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Meoto Iwa, the wedded rocks, daytime
Meoto Iwa, the wedded rocks, daytime
Meoto Iwa, the wedded rocks, at dusk
Meoto Iwa, the wedded rocks, at dusk

Meoto Iwa (夫婦岩), or the Married Couple Rocks, are two rocky stacks in the sea off Ise, Mie, Japan. They are joined by a shimenawa (a heavy rope of rice straw) and are considered sacred by worshippers at the neighboring Futami Okitama Shrine (Futami Okitama Jinja (二見興玉神社)). According to Shinto, the rocks represent the union of the creator kami, Izanagi and Izanami. The rocks, therefore, celebrate the union in marriage of man and woman. The shimenawa, composed of five separate strands which each weigh 40 kilograms,[1] must be replaced several times a year in a special ceremony. The larger rock, said to be male, has a small torii at its peak.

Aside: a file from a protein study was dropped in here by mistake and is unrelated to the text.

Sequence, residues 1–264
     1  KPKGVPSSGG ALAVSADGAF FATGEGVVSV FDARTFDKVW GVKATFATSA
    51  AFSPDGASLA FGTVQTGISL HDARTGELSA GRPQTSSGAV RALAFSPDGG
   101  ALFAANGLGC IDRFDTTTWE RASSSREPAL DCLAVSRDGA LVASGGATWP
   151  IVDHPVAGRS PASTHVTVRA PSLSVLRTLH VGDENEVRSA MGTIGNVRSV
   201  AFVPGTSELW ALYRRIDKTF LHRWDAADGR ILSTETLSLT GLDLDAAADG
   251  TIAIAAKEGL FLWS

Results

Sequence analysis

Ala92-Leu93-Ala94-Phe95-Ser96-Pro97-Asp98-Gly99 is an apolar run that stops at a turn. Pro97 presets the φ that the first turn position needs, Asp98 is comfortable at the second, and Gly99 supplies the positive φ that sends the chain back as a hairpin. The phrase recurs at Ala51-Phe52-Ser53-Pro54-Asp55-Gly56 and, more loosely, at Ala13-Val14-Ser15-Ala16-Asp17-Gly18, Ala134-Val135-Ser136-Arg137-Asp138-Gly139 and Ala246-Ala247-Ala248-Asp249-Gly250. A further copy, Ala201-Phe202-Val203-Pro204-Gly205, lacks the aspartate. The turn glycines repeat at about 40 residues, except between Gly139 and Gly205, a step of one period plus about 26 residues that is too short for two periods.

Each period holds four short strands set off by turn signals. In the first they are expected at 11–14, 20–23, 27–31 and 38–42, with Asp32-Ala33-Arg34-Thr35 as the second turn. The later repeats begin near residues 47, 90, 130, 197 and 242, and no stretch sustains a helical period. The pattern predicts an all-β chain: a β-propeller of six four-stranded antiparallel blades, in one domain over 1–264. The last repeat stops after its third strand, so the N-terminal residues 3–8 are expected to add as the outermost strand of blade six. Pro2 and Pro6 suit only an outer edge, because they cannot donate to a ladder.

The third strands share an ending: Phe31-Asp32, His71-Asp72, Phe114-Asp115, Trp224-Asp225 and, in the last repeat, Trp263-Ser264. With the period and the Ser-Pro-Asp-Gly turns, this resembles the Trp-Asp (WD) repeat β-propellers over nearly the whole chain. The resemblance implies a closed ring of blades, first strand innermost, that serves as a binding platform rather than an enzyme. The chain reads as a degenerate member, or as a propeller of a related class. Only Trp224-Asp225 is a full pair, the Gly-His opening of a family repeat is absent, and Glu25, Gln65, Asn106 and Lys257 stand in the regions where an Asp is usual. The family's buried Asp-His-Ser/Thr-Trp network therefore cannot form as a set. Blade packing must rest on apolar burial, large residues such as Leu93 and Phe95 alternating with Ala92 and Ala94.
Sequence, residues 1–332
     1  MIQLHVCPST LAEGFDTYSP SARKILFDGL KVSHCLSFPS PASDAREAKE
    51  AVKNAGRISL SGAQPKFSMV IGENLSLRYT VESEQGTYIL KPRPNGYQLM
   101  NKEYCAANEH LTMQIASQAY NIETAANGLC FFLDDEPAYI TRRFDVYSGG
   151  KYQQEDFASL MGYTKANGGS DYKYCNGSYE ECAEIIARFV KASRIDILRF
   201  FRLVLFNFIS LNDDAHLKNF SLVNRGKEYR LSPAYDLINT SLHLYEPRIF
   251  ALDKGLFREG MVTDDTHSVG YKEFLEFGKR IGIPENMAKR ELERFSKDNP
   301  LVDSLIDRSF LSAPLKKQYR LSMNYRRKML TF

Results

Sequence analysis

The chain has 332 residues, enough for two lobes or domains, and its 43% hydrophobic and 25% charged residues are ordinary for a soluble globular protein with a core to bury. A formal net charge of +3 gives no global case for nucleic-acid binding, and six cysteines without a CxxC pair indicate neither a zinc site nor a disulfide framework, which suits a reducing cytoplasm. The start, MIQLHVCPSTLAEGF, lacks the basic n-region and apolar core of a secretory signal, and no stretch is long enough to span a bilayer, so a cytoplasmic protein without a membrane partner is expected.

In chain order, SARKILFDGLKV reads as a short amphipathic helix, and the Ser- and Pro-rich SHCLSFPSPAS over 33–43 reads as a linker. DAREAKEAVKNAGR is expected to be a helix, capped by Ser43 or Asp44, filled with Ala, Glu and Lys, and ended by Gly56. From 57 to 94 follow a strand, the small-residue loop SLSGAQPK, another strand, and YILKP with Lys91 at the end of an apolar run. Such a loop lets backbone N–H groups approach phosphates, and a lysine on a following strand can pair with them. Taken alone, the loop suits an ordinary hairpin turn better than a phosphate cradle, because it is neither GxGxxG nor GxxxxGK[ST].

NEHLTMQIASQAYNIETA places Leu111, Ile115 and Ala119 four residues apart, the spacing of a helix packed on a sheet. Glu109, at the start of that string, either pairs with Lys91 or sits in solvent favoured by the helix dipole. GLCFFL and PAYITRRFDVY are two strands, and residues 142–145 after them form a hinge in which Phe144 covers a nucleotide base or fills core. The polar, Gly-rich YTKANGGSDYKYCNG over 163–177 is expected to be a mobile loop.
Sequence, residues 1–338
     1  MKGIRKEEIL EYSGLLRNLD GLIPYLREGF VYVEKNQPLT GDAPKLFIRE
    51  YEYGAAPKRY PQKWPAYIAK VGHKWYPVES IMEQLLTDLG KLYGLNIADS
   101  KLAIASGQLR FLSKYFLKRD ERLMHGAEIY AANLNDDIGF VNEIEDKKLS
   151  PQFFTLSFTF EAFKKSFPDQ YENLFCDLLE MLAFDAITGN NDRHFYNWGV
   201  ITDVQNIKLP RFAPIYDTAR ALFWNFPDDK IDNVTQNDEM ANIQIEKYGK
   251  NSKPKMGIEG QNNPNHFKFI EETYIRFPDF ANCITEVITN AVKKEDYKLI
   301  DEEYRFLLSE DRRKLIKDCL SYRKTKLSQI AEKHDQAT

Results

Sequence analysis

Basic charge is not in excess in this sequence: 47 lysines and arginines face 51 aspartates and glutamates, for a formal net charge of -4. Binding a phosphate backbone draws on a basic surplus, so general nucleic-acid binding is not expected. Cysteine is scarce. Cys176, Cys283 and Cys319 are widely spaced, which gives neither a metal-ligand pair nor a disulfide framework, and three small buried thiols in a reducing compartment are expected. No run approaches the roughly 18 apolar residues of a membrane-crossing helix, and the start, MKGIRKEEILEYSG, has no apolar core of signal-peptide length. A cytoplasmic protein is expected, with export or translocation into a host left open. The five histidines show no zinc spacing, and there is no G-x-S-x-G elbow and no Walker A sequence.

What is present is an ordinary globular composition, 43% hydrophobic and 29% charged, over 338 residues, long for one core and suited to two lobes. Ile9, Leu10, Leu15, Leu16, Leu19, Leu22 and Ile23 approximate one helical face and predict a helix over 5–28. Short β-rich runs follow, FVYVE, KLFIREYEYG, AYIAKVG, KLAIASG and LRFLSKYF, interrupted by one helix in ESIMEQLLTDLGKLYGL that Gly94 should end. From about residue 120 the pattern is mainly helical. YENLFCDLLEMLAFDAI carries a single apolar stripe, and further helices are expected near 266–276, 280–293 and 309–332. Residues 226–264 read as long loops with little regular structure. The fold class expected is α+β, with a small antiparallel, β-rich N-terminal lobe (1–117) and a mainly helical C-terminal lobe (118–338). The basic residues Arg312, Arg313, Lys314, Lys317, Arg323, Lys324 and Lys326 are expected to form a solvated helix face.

At dawn during the summer, the sun appears to rise between the two rocks. Mount Fuji is visible in the distance. At low tide, the rocks are not separated by water.

Okitama Shrine is dedicated to Sarutahiko Ōkami and imperial food goddess Ukanomitama. There are numerous statues of frogs around the shrine. The shrine and the two rocks are near the Grand Shrine of Ise, the most important location of purification in Shinto.


American composer Roger Reynolds took reference to the form of Meoto Iwa in Futami, where he visited in 1966, while composing the first movement "Futami ga Ura" of his second symphony, "Symphony [Myths]" (1990). Divided into 3 sections, the first and the last with "densely stratified texture" represent Izanagi and Izanami rocks respectively, and the middle section represents the space in-between.[2]


  1. ^ "Meoto-iwa rocks (Mie Prefecture) - Let's travel around Japan!". Let's travel around Japan. Retrieved 13 March 2021.
  2. ^ Summar, Sarah Page (December 2012). Fidget, Sway, and Swerve: Three Works Inspired by Movement from the Intricate Maneuvers Series (PDF) (PhD). University of North Texas.

Coordinates: 34°30′34″N 136°47′18″E / 34.50944°N 136.78833°E / 34.50944; 136.78833